The characters of the result are all drawn from the ASCII set. + *

+ *
• Any NaN, whether quiet or signaling, is rendered as + * {@code "NaN"}, regardless of the sign bit. + *
• The infinities +∞ and -∞ are rendered as + * {@code "Infinity"} and {@code "-Infinity"}, respectively. + *
• The positive and negative zeroes are rendered as + * {@code "0.0"} and {@code "-0.0"}, respectively. + *
• A finite negative {@code v} is rendered as the sign + * '{@code -}' followed by the rendering of the magnitude -{@code v}. + *
• A finite positive {@code v} is rendered in two stages: + *
+ *
• Selection of a decimal: A well-defined + * decimal dv is selected + * to represent {@code v}. + *
• Formatting as a string: The decimal + * dv is formatted as a string, + * either in plain or in computerized scientific notation, + * depending on its value. + *
+ *
+ * + *

A decimal is a number of the form + * d×10i + * for some (unique) integers d > 0 and i such that + * d is not a multiple of 10. + * These integers are the significand and + * the exponent, respectively, of the decimal. + * The length of the decimal is the (unique) + * integer n meeting + * 10n-1d < 10n. + * + *

The decimal dv + * for a finite positive {@code v} is defined as follows: + *

+ *
• Let R be the set of all decimals that round to {@code v} + * according to the usual round-to-closest rule of + * IEEE 754 floating-point arithmetic. + *
• Let m be the minimal length over all decimals in R. + *
• When m ≥ 2, let T be the set of all decimals + * in R with length m. + * Otherwise, let T be the set of all decimals + * in R with length 1 or 2. + *
• Define dv as + * the decimal in T that is closest to {@code v}. + * Or if there are two such decimals in T, + * select the one with the even significand (there is exactly one). + *
+ * + *

The (uniquely) selected decimal dv + * is then formatted. + * + *

Let d, i and n be the significand, exponent and + * length of dv, respectively. + * Further, let e = n + i - 1 and let + * d1dn + * be the usual decimal expansion of the significand. + * Note that d1 ≠ 0 ≠ dn. + *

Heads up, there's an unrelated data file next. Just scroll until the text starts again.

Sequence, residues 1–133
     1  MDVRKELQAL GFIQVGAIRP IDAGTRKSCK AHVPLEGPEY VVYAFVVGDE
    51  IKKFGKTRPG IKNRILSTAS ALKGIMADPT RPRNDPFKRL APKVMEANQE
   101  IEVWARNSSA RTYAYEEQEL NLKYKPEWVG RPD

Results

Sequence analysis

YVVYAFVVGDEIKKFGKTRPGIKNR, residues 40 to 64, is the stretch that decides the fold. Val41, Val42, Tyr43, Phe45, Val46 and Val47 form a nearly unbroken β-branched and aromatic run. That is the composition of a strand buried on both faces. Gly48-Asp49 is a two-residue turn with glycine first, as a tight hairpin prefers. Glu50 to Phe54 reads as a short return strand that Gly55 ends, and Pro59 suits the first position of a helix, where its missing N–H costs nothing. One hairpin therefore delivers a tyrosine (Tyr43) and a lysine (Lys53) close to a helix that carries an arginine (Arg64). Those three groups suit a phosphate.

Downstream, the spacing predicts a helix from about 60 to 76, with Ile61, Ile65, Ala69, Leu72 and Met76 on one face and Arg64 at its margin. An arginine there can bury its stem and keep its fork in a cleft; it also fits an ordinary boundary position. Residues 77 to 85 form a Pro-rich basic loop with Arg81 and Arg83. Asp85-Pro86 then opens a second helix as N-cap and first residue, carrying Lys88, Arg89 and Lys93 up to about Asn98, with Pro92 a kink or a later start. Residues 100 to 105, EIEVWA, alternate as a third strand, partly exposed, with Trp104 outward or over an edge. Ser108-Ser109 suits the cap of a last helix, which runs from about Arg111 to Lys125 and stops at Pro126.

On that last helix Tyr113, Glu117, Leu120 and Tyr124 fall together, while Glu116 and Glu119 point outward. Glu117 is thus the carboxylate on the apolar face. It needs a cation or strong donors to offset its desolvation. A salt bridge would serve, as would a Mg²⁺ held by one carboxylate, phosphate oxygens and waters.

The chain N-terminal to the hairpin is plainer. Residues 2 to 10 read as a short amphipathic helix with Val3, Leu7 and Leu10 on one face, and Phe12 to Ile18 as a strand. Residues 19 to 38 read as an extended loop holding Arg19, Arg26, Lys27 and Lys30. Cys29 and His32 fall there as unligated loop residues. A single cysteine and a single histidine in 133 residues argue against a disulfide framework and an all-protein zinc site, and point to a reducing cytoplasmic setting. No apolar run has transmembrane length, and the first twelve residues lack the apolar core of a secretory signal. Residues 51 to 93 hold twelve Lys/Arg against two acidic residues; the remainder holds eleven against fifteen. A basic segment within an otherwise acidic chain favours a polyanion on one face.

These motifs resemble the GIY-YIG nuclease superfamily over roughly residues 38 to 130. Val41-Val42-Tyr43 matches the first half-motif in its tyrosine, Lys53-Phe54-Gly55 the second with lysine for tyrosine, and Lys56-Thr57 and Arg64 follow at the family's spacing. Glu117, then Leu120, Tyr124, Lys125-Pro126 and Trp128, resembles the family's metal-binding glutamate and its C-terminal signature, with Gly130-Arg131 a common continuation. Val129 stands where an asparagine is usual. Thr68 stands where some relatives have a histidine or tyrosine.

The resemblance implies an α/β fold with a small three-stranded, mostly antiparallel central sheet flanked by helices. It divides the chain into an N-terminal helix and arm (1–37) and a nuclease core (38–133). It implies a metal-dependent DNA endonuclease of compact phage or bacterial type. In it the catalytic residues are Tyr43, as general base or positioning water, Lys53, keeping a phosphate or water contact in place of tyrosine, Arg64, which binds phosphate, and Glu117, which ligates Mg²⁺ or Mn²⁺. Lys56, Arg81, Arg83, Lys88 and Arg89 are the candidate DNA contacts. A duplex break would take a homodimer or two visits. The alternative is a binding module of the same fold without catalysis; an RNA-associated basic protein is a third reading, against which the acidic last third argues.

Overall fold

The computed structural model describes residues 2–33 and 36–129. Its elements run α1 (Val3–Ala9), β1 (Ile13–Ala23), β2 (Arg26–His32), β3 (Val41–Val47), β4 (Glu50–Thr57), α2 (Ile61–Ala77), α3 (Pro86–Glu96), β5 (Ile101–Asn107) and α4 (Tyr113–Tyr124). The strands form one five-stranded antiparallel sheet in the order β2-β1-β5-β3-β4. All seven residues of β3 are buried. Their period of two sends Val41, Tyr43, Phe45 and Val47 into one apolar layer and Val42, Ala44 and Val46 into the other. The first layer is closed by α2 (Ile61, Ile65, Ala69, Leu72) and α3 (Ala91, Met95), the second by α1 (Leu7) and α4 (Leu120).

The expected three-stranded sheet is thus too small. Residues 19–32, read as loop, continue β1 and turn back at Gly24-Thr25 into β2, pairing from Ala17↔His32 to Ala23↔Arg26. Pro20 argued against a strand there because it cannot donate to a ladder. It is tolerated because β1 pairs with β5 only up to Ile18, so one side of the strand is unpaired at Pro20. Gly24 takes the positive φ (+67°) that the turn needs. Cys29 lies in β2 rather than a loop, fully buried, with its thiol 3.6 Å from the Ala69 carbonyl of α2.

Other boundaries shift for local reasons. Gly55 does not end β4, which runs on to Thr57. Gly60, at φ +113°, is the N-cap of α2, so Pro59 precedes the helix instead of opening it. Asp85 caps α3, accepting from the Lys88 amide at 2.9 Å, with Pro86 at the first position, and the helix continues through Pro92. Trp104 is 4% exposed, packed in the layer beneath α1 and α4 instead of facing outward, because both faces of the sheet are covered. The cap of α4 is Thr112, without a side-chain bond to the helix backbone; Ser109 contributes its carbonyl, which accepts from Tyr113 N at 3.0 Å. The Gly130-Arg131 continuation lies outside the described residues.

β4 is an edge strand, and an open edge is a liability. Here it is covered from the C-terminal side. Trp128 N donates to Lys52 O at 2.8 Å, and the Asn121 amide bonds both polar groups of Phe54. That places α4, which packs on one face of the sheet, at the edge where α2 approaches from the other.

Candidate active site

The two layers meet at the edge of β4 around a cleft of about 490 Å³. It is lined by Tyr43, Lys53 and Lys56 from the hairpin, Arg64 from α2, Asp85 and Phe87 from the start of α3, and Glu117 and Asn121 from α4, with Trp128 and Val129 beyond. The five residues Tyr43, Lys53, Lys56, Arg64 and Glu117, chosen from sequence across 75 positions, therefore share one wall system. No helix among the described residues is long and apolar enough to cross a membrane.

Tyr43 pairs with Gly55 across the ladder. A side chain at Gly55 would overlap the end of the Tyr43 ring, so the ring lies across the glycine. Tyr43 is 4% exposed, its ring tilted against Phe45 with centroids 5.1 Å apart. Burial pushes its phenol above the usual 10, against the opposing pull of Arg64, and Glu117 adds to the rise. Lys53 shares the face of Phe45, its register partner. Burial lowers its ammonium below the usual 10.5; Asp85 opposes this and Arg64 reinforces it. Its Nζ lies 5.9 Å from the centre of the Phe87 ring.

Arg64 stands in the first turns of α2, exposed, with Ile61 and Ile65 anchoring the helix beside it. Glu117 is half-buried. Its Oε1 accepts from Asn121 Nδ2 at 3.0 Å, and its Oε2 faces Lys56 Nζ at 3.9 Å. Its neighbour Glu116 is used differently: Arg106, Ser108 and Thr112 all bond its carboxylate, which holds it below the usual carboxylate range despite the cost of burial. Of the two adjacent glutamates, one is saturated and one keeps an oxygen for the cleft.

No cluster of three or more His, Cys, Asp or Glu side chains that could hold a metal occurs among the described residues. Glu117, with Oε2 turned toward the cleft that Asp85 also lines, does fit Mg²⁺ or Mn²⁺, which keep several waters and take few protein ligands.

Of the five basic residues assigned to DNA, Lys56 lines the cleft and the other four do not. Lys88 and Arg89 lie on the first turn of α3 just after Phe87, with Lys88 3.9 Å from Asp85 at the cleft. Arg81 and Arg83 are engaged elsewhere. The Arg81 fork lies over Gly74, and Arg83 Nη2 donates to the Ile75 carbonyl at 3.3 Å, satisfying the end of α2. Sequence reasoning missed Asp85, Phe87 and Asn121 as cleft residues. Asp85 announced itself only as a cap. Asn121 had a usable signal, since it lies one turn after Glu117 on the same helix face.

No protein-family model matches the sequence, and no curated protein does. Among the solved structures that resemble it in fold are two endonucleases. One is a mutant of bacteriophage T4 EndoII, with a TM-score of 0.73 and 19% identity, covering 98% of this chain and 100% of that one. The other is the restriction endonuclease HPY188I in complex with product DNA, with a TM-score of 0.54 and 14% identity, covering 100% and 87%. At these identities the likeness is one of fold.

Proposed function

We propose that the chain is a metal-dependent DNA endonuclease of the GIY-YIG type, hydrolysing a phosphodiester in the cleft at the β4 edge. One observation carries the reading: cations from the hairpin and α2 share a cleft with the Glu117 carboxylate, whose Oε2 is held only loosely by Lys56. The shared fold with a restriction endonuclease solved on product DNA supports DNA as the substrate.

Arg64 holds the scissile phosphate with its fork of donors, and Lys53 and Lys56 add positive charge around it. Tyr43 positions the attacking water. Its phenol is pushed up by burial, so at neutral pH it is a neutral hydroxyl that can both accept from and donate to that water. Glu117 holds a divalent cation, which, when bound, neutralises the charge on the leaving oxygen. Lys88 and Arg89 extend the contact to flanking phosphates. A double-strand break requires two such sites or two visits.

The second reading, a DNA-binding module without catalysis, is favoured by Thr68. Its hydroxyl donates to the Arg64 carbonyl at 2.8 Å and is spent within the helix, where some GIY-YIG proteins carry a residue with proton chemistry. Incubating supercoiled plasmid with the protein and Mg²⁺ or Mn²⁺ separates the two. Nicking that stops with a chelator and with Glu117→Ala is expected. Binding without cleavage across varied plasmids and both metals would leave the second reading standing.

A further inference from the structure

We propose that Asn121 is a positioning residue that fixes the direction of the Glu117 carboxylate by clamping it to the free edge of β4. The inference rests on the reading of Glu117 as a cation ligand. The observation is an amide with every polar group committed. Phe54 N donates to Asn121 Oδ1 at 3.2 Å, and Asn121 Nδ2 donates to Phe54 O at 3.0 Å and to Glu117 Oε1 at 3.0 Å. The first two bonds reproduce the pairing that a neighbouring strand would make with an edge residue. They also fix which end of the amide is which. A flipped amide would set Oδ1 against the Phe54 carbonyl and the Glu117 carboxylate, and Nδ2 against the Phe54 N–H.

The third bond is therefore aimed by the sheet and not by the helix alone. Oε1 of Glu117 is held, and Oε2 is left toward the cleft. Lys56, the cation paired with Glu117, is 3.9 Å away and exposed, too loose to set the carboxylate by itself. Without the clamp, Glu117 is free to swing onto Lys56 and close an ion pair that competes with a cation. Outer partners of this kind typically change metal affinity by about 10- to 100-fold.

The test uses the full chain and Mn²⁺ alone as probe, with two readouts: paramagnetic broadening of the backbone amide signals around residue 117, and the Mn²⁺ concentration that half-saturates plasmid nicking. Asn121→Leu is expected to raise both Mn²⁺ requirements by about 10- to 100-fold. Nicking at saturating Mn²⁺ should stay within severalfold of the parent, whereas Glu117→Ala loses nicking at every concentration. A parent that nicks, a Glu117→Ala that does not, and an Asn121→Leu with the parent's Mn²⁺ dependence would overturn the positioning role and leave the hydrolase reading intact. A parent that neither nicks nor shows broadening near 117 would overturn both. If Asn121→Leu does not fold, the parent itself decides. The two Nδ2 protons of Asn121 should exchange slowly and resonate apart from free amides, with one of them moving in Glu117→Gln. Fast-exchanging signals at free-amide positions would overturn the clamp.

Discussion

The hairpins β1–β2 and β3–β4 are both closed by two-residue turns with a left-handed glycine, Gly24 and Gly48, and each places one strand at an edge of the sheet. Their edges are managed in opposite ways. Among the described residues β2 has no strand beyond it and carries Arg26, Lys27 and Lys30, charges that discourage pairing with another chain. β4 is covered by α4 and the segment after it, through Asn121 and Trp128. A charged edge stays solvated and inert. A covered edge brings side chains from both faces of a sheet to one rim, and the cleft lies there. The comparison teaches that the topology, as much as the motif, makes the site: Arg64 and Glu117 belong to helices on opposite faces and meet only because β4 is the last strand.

+ *
• Case -3 ≤ e < 0: + * dv is formatted as + * 0.00d1dn, + * where there are exactly -(n + i) zeroes between + * the decimal point and d1. + * For example, 123 × 10-4 is formatted as + * {@code 0.0123}. + *
• Case 0 ≤ e < 7: + *
+ *
• Subcase i ≥ 0: + * dv is formatted as + * d1dn00.0, + * where there are exactly i zeroes + * between dn and the decimal point. + * For example, 123 × 102 is formatted as + * {@code 12300.0}. + *
• Subcase i < 0: + * dv is formatted as + * d1dn+i.dn+i+1dn. + * There are exactly -i digits to the right of + * the decimal point. + * For example, 123 × 10-1 is formatted as + * {@code 12.3}. + *
+ *
• Case e < -3 or e ≥ 7: + * computerized scientific notation is used to format + * dv. + * Here e is formatted as by {@link Integer#toString(int)}. + *
+ *
• Subcase n = 1: + * dv is formatted as + * d1.0Ee. + * For example, 1 × 1023 is formatted as + * {@code 1.0E23}. + *
• Subcase n > 1: + * dv is formatted as + * d1.d2dnEe. + * For example, 123 × 10-21 is formatted as + * {@code 1.23E-19}. + *
+ *
+ * + * @param v the {@code float} to be rendered. + * @return a string rendering of the argument. + */ + public static String toString(float v) { + return threadLocalInstance().toDecimalString(v); + } + + /** + * Appends the rendering of the {@code v} to {@code app}. + * + *